-- on, you are immediately check the database. is he in the united states? if he has a visa, you cancel it. if he wants to come here, that act drives the system to perhaps respond. but right now i don't think the system works. >> thank you. i'm afraid we're out of time. i'd like to thank the panel and thank the audience for coming. let me ask one more time, take a look at our web site www.mepc.org. take a look at our journal and other programs we offer. thank you for coming. [applause] [inaudible conversations] : >> senators john mccain and joe lieberman say that american drone strike just over the border in pakistan are critical in defeating terrorists in the region. this coming from "the associated press." senator lieberman saying the strikes tonight in a saving. senator mccain say they have not al qaeda and other islamic extremist organizations off-balance. he said the u.s. is working with afghanistan and pakistan to reduce civilian suffering. we will have more about u.s. policy in afghanistan, and the challenges the obama administration faces this afternoon. we will hear from richar
back and forth. and exports from the united states has increased quite a bit. this year and one month we had sort of a setback. that is common because the numbers are released you a lot by borrowing. they shipped and plans one month and won the next, and that can make a big difference in the trade figures for that one month. it is a general trend, exports are rising pretty strongly. that is pretty good news for the american worker because it means maybe we are becoming more competitive and maybe we can sell more things. >> host: to job creation. carol, republican. good morning. >> caller: yes. i have a question in regards to the health care affects on new job creation and what it will do to the job economy. one of the questions i have, their is a lot of corruption in the city of chicago, and a lot of the newspapers. husband has been in jail for a couple years. while he was in jail for embezzlement and corruption he wrote the book that is the foundation of health care. is that the same? thank you. >> guest: to that health care. make the broader connection. it is really rough. a lot of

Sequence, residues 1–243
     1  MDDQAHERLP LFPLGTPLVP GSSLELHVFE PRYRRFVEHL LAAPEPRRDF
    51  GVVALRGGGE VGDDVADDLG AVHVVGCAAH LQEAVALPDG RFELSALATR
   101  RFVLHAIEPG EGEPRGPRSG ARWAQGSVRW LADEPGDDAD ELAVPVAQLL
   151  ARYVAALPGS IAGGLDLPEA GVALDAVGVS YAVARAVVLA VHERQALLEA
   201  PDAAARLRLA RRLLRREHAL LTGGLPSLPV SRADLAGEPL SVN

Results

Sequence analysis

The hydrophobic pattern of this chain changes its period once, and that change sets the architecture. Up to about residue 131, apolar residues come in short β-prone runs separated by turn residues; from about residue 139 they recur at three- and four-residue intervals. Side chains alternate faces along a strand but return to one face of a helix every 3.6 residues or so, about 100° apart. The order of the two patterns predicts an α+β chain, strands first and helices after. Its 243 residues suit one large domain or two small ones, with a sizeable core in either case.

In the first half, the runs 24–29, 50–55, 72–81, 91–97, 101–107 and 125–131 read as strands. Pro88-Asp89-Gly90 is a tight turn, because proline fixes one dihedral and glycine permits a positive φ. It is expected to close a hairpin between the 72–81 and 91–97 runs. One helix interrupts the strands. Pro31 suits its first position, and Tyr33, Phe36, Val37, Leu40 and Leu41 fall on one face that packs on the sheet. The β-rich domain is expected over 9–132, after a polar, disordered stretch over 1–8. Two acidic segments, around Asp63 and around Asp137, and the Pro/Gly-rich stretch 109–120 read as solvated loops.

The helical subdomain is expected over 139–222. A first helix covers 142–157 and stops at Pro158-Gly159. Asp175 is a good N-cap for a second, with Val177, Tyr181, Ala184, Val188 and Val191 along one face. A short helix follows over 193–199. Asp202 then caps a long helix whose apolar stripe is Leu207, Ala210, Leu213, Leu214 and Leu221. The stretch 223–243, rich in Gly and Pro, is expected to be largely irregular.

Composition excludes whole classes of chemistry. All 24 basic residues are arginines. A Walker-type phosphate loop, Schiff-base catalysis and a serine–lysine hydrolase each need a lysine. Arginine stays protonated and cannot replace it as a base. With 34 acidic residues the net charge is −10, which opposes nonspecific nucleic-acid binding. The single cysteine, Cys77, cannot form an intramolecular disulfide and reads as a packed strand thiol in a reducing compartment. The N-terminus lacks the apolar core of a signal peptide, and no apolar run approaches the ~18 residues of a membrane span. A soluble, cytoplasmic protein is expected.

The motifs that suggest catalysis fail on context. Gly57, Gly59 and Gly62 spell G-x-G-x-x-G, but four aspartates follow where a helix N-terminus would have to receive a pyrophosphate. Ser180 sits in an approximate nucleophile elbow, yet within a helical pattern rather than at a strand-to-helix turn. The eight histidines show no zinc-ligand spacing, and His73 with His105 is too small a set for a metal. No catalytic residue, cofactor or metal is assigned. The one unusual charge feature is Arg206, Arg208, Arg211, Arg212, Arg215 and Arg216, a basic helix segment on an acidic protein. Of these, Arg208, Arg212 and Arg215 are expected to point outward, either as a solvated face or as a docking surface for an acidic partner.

in making the decides united states and in fact the world safer. >> guest: the president since he came to office has been trying to sound that theme. he traveled overseas, trying to, at least, at least make, make the words that come out of the president be about more cooperation and so on. and i think he is going to try to incorporate this theme, which is, you know, the concern about terrorism and, perhaps something that, has been gone into the background, under his presidency, until now. he is going to try to merge those two things and you will probably hear him talk about cooperation overseas to help make everybody safe. >> host: let's go to the phones. our first call comes from jacksonville, florida. william on our line for independents. good morning. >> caller: good morning, sir. good to see you. i like you. you're pretty informative. hello? >> host: go ahead, william. >> caller: yes, sir. how do we fight an enemy that don't wear no uniform, number one, the terrorists? that is the crazy thing i ever see. can nobody speak the language over there? can nobody go to yemen or afghanista